"The Quantum Universe" is a gutsy attempt to make quantum mechanics--the mental equivalent of a jawbreaker: difficult to crack--accessible. It doesn't always succeed--or, in some instances, even come close--but it is pretty good viewing nonetheless.
Starting with the principle that physics is fundamental to everything, this season's final episode of "Smithsonian World" (airing at 9 tonight on Channel 28) mixes mesmerizing graphics, brief on-target interviews, excerpts from a Tom Stoppard play ("Hapgood," acted by Roger Rees) and precise narration from 11-year-old Heidi Brown to get to the essential elements of the theory of randomness, of the potential over the actual.
The gimmick of using an 11-year-old narrator would quickly cloy if not for the excellence of Brown's work--and the guiding hand of her mother, "Quantum" producer-director Sandra Wentworth Bradley.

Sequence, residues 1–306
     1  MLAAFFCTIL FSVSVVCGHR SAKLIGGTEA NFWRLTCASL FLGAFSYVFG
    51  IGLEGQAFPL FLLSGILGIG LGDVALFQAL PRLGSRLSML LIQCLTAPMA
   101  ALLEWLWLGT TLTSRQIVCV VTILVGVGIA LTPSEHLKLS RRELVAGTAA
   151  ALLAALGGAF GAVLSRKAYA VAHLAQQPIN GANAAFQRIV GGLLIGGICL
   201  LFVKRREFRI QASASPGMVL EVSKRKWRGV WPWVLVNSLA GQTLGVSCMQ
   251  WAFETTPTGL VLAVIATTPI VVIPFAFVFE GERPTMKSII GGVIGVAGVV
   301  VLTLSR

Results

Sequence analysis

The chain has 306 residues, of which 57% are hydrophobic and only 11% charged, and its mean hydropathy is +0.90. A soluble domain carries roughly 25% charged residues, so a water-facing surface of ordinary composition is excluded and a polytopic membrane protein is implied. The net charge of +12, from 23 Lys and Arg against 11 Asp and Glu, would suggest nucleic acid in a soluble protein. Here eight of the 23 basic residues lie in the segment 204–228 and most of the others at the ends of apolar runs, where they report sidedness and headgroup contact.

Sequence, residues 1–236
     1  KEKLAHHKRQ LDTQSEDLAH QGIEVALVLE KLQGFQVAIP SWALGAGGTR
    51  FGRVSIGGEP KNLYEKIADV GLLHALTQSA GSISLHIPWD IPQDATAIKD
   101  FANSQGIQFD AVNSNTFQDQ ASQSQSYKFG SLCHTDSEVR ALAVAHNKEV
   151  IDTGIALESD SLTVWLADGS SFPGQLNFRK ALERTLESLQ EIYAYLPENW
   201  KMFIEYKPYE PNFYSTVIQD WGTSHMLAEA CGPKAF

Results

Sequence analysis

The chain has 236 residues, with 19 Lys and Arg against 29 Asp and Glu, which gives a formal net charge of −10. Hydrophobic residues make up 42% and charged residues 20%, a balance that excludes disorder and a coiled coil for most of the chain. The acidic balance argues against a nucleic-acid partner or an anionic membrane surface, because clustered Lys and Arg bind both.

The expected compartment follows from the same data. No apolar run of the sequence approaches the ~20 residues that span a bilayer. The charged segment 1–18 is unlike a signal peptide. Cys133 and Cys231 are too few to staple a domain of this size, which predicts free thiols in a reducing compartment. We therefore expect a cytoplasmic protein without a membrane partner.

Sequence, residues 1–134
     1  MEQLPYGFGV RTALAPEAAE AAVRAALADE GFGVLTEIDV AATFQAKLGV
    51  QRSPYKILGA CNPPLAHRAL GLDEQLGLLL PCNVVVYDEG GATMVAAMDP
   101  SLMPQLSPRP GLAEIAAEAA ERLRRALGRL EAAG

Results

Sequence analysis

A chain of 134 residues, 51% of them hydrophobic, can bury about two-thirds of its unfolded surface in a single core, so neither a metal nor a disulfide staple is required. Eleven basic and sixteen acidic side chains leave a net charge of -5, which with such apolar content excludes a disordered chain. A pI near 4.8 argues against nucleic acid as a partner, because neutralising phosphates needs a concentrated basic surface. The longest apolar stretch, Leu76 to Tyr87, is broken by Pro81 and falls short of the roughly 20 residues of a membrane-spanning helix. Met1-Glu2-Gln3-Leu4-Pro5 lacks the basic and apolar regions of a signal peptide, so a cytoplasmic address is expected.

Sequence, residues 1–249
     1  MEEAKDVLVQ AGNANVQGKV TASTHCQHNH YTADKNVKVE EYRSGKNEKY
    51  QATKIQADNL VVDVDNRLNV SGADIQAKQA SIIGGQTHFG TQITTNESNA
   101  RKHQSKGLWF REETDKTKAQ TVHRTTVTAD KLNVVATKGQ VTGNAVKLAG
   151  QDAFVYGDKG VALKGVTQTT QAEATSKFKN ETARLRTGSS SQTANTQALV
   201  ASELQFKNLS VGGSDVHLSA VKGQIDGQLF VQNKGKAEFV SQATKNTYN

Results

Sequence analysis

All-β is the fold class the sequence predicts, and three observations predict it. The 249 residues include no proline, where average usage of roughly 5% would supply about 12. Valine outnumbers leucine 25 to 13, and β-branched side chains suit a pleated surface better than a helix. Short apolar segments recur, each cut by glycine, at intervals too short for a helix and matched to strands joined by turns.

"Quantum" covers all the Big Questions that this upstart little theory from the '30s raises, but there are some serious gaps. The clash between relativity theory and quantum mechanics is not adequately explored, for one. There is no mention of the work of Stephen Hawking, perhaps the greatest living physicist, and his attempt to explain everything by uniting these two seemingly incompatible theories.
"The Quantum Universe" is an engrossing, occasionally dazzling mix of science and art. Does it succeed in its goal? Well, you'll know far more about quantum mechanics by the end of the hour than you did going in, but the universe will still be a riddle wrapped in a mystery. As one astrophysicist says, "We talk about objects like quarks and gluons, which can't be observed, because they're a way of making sense out of what we can observe."